Jellyfish tentacles are still able to sting after separation from the creature's body or even after it is dead. Stings from jellyfish tentacles that are separated from the body typically occur because of ocean tides that scatter them in the water. Jellyfish tentacles contain specialized cells that are activated by touch to release the venomous stingers. Even if a jellyfish is dead, its tentacles are able to be activated and sting prey, emitting toxins that can cause pain or severe allergic reactions — or even death in humans, in rare cases.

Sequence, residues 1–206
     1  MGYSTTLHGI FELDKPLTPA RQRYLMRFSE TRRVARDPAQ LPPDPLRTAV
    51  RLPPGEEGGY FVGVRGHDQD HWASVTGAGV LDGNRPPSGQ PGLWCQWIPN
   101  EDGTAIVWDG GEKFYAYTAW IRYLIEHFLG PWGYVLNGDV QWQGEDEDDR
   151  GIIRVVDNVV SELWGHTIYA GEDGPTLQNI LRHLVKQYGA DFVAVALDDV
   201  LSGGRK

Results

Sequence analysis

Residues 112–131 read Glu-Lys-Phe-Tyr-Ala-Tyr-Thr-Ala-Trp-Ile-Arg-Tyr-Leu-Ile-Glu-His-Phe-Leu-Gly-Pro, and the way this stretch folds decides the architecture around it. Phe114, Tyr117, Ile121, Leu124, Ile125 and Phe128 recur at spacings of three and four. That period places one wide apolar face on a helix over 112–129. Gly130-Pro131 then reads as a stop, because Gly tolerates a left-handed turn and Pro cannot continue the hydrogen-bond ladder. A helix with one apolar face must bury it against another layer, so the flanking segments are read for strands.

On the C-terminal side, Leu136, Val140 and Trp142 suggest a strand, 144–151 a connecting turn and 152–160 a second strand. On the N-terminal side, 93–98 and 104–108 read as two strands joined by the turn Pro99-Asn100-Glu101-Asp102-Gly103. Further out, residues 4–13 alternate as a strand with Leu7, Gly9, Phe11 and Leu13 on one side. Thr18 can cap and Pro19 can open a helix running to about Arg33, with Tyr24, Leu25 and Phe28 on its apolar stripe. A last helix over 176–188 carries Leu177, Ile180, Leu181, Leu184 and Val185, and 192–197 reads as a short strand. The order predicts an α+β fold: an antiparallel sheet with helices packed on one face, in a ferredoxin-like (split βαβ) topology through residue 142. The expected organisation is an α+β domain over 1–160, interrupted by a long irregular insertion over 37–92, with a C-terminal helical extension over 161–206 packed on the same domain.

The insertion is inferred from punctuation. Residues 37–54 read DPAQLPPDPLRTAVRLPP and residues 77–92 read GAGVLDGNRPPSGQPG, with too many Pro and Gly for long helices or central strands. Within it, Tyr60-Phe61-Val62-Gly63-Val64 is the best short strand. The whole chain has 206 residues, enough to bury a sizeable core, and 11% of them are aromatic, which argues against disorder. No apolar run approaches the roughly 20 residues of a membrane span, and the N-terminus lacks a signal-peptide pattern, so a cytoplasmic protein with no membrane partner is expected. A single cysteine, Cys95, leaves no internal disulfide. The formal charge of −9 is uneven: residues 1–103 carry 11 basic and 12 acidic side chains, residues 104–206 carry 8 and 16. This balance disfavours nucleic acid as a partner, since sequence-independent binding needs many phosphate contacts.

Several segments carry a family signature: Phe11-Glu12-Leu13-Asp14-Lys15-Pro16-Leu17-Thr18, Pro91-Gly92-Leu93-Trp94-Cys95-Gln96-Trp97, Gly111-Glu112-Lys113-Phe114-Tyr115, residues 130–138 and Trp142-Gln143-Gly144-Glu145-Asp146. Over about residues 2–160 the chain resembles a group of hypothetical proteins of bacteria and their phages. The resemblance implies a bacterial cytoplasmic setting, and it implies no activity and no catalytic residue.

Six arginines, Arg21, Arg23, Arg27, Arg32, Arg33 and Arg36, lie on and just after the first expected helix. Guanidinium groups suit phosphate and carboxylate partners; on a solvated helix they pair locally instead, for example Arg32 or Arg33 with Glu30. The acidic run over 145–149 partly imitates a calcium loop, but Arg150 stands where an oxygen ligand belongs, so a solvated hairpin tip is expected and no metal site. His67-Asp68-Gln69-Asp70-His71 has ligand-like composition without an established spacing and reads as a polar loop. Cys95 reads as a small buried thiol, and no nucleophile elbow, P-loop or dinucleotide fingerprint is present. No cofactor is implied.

More about jellyfish:
- A jellyfish typically consists of about 95% water, and the remaining portion is mostly a gelatinous material called mesoglea.
- More than 900 million pounds (425,000 tons) of jellyfish are caught and consumed by humans each year, mainly in Southeast Asia.
- Jellyfish are thought to date to more than 500 million years ago and to have been the first animals to have a nervous system, as well as the first creatures to use muscles to swim rather than just drifting in the water.